Come Report in Venezuela (And Be Jailed For It)

Even if Venezuela isn’t as much in the headlines as it used to be, the hegemony still isn’t cozy with foreign reporters poking their noses around the country.

Earlier this year, right at the time when Venezuela was thrust onto the spotlight of global news coverage, I wrote about how the government decided to make it difficult (if not impossible) for foreign correspondents to work. But even now, as our political situation drastically changed and international attention waned, such pressure obstinately remains.

The following video (courtesy of the National Press Workers’ Union, or SNTP) shows three journalists released by a court, after spending the weekend detained.

Authorities caught Italian Roberto Di Matteo, Swiss national Filippo Rossi and Venezuelan Jesús Medina inside the infamous Tocorón Prison, in Aragua State, and accused them of illegally introducing equipments into the facility. The journalists said that they were allowed inside without objections.

The SNTP, NGO Foro Penal Venezolano and the local chapters of the journalists’ guild (CNP) and the lawyers’ guild (Colegio de Abogados) rushed to provide legal assistance, resulting in their eventual release last Sunday. The arrest of DiMatteo and Rossi made headlines on Italian and Swiss media, respectively. Medina works for notorious website Dolar Today.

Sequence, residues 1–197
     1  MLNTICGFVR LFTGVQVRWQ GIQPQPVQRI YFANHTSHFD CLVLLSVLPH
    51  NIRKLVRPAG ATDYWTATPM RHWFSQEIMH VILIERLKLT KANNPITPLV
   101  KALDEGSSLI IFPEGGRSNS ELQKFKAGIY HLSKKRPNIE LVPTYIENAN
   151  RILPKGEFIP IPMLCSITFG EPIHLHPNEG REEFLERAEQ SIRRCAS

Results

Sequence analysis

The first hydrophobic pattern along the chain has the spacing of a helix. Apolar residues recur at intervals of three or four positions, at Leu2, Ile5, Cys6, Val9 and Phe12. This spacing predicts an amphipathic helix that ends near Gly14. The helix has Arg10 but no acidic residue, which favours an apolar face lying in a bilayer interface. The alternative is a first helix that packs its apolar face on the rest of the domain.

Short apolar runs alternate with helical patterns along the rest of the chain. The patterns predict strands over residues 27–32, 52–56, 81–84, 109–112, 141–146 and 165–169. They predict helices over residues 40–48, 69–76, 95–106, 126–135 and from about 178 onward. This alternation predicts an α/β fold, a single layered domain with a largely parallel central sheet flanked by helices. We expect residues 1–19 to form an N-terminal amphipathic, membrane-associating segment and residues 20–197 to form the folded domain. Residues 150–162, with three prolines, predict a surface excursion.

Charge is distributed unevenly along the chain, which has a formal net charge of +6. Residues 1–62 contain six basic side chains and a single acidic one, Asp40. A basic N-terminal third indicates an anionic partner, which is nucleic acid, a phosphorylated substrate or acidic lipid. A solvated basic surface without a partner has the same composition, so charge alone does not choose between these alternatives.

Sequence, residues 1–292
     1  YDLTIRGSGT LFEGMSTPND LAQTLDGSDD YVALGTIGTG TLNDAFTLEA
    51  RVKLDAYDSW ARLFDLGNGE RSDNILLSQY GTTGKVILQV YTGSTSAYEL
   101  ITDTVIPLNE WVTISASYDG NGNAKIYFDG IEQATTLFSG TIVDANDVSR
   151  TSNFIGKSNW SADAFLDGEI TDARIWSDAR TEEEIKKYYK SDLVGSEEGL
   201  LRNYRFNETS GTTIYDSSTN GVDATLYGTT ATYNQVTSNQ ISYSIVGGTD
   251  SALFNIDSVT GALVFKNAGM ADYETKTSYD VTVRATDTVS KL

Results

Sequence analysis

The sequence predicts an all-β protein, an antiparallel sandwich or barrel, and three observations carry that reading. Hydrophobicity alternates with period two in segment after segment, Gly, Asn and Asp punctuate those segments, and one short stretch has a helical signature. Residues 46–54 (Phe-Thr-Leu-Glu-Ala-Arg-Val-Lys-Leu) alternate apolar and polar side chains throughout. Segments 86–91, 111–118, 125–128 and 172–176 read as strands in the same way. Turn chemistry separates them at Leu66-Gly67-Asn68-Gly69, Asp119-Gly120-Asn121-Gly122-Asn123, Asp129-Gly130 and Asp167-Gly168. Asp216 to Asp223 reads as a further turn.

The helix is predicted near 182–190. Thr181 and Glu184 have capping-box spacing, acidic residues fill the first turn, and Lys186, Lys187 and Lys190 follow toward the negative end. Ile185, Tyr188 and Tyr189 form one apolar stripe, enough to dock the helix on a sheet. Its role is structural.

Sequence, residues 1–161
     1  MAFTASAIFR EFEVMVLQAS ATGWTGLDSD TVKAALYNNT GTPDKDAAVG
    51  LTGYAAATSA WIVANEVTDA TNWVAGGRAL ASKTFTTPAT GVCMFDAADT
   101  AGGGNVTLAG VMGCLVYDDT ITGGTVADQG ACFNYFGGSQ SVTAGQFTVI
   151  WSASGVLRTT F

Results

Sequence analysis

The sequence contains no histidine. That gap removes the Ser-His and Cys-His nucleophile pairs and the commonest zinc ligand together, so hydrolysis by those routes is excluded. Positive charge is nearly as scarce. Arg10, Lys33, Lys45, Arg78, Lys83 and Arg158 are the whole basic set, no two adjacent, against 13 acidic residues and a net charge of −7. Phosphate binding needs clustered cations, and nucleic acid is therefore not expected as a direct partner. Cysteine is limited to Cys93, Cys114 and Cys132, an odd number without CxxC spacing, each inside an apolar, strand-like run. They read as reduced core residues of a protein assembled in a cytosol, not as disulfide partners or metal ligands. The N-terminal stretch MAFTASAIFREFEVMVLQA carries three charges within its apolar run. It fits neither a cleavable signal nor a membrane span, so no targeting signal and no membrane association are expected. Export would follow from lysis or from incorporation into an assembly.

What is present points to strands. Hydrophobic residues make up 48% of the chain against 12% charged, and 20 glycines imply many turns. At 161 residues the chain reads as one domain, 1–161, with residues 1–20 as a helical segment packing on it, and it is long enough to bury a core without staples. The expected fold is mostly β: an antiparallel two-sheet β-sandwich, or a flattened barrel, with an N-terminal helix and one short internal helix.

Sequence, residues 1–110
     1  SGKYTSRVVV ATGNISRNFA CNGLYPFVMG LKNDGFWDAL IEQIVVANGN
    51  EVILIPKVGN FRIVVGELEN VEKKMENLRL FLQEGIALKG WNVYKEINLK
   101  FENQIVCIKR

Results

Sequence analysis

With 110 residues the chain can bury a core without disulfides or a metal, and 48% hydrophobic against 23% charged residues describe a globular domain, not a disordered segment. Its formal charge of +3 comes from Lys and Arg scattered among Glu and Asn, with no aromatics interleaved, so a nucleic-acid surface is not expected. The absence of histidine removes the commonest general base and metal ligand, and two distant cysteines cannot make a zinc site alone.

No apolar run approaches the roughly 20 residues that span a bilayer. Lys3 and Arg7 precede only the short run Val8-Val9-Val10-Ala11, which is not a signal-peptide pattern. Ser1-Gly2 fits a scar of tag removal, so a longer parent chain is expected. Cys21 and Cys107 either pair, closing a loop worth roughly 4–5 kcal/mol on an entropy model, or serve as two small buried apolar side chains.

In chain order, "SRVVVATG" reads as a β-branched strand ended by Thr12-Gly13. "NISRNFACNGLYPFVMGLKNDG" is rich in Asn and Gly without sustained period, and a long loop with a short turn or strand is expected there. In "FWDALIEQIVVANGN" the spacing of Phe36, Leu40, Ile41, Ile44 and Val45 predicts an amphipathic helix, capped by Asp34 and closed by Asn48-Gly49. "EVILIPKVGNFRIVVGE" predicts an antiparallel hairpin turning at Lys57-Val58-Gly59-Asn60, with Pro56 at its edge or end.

The Foreign Press Association in Venezuela (APEX) released a written statement about the Tocorón incident, stating that they “reject the harassment and detention of journalists as a mechanism of intimidation against the press, and regret that our colleagues were deprived of their freedom…”

Later on Monday, Tocorón Prison was the stage of an armed attack against members of the forensic police CICPC, who were just passing by, leaving three agents wounded and a burned patrol car. So much for the notion that outside reporters are a bigger threat than Tocorón’s own inmates.  

This latest incident with correspondents could be dismissed as a mishap, except its not. It’s part of a continuing pattern of State harassment against foreign correspondents, which includes being summarily turned back at the airport, or spending days arbitrarily retained.

Last month, another international reporter went through a similar situation in South Venezuela. National Guard soldiers arrested Dutch freelance journalist Bram Ebus, his driver and two local human rights activists, and took them to a military base in Caicara del Orinoco. All four were released without charges the following day. Ebus made the news public through this message:

Mr. Ebus has written for different media outlets about environmental issues in Colombia and Venezuela, he recently addressed the grave consequences of the Orinoco Mining Arc for Earth Island Journal and reported on the spike of malaria in Guayana for Al Jazeera.

The writing’s on the wall: the government is still very uncomfortable with reporters going around the country and documenting a reality that shatters their narrative. After all, the sad state of our prison system and the huge implications of a mining project that could cause irreparable damage to the environment are the opposite of what they want to present, stuff like “We got a new (Chinese) satellite on space!”

And it ain’t better for local journalists either. After the uproar over the Pastor Oropeza photos, the government thinks that one arrest and more security will solve everything.

True socialist egalitarianism. In Revolution, there’s no preference: all journalists are equally dangerous, ergo, equally targeted.